The iron links are stolen to be made into amulets, rings and phurpas.

The iron links are stolen to be made into amulets, rings and phurpas.

Phub Dem | Paro

The only iron chain bridge in the country, a national cultural heritage symbol on the popular Thimphu-Paro highway, is covered in thick undergrowth and rusting from lack of maintenance or disuse.

It has remained shut to the public for more than five years for its safety but every year, it loses a part of it to frequent thefts.

The iron chain bridge built by Thangthong Gyalpo, revered as Drupthob Chagzampa or the ‘Great Iron Bridge Builder’ connects Tachog Lhakhang to the highway.  The important historical site was restored with iron chains from across the country.

The descendants of the Tachog family, who look after lhakhang, reported seven cases of theft, stealing the iron chain links, from the bridge, but most of the time the culprits were never found.

Kencho Tshering, a member of the family, said that the cables holding the bridge had come apart and a meter long chain-link was also missing from the middle of the bridge.

A man was arrested two times, the latest in January this year, for cutting the chains. The case is still in Paro court.

Sources said that the iron pieces are cast into smaller phurpas (ritual dagger) and sold in the black market for as high as Nu 50,000 a piece. They attribute the repeated theft of the chain links of the bridge to the high demand for the phurpas as people consider them sacred.

Locals believe that if a religious item has been stolen the thief suffers nightmares and even fall ill until the item is returned to the place.

  A small iron phurpa has been placed behind the choeten above the bridge.

According to the dzongkhag, as of April, there were three incidences of theft.

For instance, on March 26 this year, one and a half meter chain link was stolen. Kuensel found that as early as 2013, there were two theft incidences.

According to Pema Tshering, a caretaker of Tachog Lhakhang, the popularity of the sacred iron chains could have attracted people to steal it. “I don’t know what they do with these irons.”

Although it was difficult to look after the bridge apart from their daily chores and work at the temple, he said that the family often do rounds along the bridge when some vehicles halt near the bridge.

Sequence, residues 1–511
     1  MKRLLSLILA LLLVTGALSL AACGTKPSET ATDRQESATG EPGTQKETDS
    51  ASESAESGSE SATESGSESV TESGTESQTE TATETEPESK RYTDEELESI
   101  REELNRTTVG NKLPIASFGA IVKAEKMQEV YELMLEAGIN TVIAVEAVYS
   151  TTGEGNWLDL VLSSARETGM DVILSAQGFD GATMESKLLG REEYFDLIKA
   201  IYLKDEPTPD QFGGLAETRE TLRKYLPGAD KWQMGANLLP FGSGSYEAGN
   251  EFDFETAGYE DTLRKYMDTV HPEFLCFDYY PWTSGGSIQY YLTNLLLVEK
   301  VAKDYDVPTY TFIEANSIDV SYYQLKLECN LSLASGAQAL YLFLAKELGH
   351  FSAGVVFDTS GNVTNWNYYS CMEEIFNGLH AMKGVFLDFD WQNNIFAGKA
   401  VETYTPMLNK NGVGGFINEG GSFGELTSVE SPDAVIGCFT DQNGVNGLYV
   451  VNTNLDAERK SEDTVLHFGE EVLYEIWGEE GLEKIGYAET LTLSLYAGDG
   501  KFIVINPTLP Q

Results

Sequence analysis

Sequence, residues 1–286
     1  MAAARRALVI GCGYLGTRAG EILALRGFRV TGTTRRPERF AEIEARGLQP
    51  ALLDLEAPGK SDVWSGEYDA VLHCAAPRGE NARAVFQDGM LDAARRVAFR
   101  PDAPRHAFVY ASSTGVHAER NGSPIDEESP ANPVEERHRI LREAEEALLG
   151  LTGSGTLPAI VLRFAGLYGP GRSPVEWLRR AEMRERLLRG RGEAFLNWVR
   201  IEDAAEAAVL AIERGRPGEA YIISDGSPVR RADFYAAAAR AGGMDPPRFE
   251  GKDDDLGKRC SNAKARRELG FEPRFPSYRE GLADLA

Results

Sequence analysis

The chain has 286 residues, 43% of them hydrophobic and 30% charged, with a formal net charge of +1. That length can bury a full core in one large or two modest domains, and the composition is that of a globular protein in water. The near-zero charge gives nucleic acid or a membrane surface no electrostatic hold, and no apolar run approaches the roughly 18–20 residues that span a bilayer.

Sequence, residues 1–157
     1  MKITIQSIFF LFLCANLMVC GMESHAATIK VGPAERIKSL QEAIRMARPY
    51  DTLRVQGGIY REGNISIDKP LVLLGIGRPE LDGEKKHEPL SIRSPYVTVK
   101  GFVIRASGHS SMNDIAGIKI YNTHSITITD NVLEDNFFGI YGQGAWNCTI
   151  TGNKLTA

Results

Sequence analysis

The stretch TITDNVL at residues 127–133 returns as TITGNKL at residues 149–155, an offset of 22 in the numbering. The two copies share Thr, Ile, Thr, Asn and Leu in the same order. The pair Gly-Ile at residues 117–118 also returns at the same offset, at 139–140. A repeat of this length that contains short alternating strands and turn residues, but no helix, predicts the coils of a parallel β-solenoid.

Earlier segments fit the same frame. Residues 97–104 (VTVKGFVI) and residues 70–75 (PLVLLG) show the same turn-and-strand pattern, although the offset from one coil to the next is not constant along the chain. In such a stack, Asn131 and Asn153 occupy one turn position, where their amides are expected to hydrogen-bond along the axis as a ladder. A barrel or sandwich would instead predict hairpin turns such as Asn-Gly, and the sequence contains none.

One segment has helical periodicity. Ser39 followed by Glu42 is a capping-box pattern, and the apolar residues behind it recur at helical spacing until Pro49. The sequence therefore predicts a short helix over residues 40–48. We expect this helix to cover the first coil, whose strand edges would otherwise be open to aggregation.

He said that he spent a month in a cave above the temple to look after the bridge after an iron chain was stolen. “We never found the thief.”

Although the historical site is a blessing for every passerby and visitors, if the chain-links keep on missing, locals suggested to lift the iron chains and send to its place of origin.

“If the reconstruction doesn’t start at the earliest, there should be someone to guard the chain links or else we are going to lose all the chains.”

Local leaders said that authorities were informed about the issue.

Concerned with the deteriorating state of the bridge, Paro dzongkhag administration wrote to the Tourism Council of Bhutan (TCB) and the Department of Culture (DOC) to explore an alternative to safeguard the historical iron chains.

Paro Dzongdag Tenzin Thinley said that the dzongkhag administration also suggested lifting the iron chains and placing them in the National Museum of Bhutan, which would help safeguard and preserve the iron chains.

The dzongkhag also proposed TCB to fund Nu 1.3 million to replace the bridge if the iron chains make it place to the museum.

However, Tenzin Thinley said that after consultation with the DOC, lifting of the iron chains was not found appropriate as the bridge holds significant historical significance.

Although there was no plan of reconstruction, he said that the structure has to be conserved.

Observers said that installing CCTV cameras and floodlights could ensure the safety of the bridge.

The significance of the bridge

The bridge was rebuilt using the iron chains belonging to the famous yogi from around the country after the original bridge was washed away in 1968.

In February 2004, a 23-feet long iron link chain recovered by project DANTAK from the Pachhu. The important relic was recovered on the command of Her Majesty The Queen Mother, who commanded to restore the relic to its rightful importance.

The link chain used to suspend the Chhaze zam, about three kilometers from Chuzom to Paro and connecting the three villages of Tencheykha, Chippu, and Bja Toed to Paro and Thimphu laid submerged in the Pachu for more than three decades after the 1968 flood ripped the bridge apart.

According to oral history, drupthob Chagzampa built the bridge using supernatural power about five hundred years ago, (Chagzampa came to Bhutan in 1433).

On his visit to Wang Dhalukha in Thimphu, Chagzampa found the village rich in iron ore and asked for iron when the villagers offered him presents after a ritual. Chagzampa asked for iron instead to build the bridge.

The people of Wang offered all the iron thinking that he would be in no position to transport it to Paro. Chagzampa threw the iron into the sky and it landed in Chagse, a small flat plot above the lhakhang. “He used his leg as an anvil and cast the iron into link chains to built two bridges, one to connect the lhakhang and the other to connect the three villages in one day,” he said.

In his lifetime, the adept is said to have built at least 50 bridges in Tibet and about 10 in Bhutan.  The 10 chazams in Bhutan are in Tachog, Doksum, Dangme, Khoma, Trashigang, Chaze, Changchi, Wangdi, Chuzom and in Chukha.

 With Tshering Palden